It had been a long time since I’d been to a properly run, serious debate. To be truthful, the last time was probably high school, and so I’d forgotten how perplexing they can be. Although I felt pretty certain of which side of the argument I agreed with, I found myself flipping, second guessing and questioning my commitment as each new speaker took to the podium.

The line-up was impressive; Marcia Langton, Michael Gawenda and Catherine Deveny arguing for the proposition and Julian Burnside, Gretel Killeen and Arnold Zable speaking for the opposing side. Without exception, the speakers offered up compelling and intelligent arguments, although I’ll admit that from the outset the negative come across incredibly strongly.

Marcia Langton raised extremely valid and convincing points, examples of the harm that can be brought about by ‘too much’ free speech. Arnold Zable in turn highlighted the frightening damage that can be done through ‘too little’.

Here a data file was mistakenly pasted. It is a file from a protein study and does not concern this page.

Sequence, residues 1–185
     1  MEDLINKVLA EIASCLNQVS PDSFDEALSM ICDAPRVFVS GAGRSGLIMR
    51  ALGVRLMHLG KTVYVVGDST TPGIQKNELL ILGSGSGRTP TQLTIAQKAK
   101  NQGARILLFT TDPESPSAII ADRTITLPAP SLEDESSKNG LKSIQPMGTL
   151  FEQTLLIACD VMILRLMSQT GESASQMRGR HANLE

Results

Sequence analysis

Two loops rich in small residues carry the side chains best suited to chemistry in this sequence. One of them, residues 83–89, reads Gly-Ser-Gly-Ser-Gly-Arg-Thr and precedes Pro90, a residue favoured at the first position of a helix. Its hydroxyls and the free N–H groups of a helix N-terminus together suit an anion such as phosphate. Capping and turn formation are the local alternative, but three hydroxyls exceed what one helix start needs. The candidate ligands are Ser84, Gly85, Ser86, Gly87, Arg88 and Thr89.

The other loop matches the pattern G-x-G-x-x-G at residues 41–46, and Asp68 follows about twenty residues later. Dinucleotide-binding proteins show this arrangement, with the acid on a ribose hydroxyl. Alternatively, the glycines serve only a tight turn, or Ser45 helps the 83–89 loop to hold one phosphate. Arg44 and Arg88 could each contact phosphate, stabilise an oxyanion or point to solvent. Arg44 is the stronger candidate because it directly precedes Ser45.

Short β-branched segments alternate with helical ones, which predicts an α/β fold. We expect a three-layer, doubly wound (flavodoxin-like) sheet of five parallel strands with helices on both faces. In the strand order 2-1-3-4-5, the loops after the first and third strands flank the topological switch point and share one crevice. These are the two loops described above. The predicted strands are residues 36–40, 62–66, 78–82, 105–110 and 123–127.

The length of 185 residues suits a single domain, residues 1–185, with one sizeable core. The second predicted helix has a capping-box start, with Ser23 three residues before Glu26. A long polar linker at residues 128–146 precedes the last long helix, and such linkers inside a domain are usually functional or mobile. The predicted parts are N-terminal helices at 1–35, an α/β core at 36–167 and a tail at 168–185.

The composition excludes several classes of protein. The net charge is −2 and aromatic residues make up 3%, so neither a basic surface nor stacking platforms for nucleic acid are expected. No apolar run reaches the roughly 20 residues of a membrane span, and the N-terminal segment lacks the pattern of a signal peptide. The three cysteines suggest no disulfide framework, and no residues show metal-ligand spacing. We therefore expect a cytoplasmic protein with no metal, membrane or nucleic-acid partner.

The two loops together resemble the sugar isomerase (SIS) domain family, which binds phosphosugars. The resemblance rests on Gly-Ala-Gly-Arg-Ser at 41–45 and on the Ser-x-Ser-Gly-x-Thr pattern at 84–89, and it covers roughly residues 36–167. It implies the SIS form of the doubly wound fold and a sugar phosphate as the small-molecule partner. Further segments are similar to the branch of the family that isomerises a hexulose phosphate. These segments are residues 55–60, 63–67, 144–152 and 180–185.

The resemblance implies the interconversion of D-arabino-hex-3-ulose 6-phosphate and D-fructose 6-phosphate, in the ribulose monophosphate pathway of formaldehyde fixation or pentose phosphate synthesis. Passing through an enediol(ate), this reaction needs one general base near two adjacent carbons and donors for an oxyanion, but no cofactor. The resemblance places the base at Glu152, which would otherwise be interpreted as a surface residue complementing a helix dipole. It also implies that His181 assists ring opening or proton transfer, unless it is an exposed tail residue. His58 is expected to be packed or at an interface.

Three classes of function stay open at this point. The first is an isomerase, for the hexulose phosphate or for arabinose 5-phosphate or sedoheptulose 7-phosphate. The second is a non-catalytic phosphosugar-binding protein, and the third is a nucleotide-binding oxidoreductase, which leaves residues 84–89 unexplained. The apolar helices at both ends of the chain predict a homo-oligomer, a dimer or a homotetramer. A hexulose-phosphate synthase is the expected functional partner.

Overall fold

Catherine Deveny, in true irreverent style, brought to bear an argument that not only was freedom of speech over-rated, but also that it was practically imaginary. In her opinion; “…some of the people could say some of the things, some of the time.” The rest of us, if not in this select group, suffered greatly if we dared to speak our mind. Gretel Killeen did not entirely disagree with this argument, although she did go on to demonstrated that even if freedom of speech did not exist, that this didn’t mean that it wasn’t incredibly important. In her opinion, it was in fact greatly under-rated, and was a freedom well worth fighting to obtain and maintain.